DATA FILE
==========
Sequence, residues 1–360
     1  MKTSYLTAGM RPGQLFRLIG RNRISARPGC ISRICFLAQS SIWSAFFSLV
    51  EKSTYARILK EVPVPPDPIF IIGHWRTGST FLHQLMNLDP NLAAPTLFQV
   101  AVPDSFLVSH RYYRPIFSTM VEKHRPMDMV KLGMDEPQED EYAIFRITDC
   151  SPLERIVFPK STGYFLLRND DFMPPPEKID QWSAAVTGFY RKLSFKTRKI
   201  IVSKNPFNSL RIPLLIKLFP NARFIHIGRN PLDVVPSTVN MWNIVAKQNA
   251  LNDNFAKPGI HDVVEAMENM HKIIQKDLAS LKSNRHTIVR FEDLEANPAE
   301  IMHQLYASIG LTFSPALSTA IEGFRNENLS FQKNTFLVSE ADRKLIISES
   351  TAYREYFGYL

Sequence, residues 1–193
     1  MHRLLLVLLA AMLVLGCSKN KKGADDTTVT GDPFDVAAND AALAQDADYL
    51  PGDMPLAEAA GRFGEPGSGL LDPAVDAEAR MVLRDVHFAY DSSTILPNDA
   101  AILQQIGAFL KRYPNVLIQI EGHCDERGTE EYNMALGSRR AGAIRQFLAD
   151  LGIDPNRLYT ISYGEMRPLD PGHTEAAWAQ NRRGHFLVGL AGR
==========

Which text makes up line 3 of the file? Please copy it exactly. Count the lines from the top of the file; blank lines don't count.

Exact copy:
    51  EKSTYARILK EVPVPPDPIF IIGHWRTGST FLHQLMNLDP NLAAPTLFQV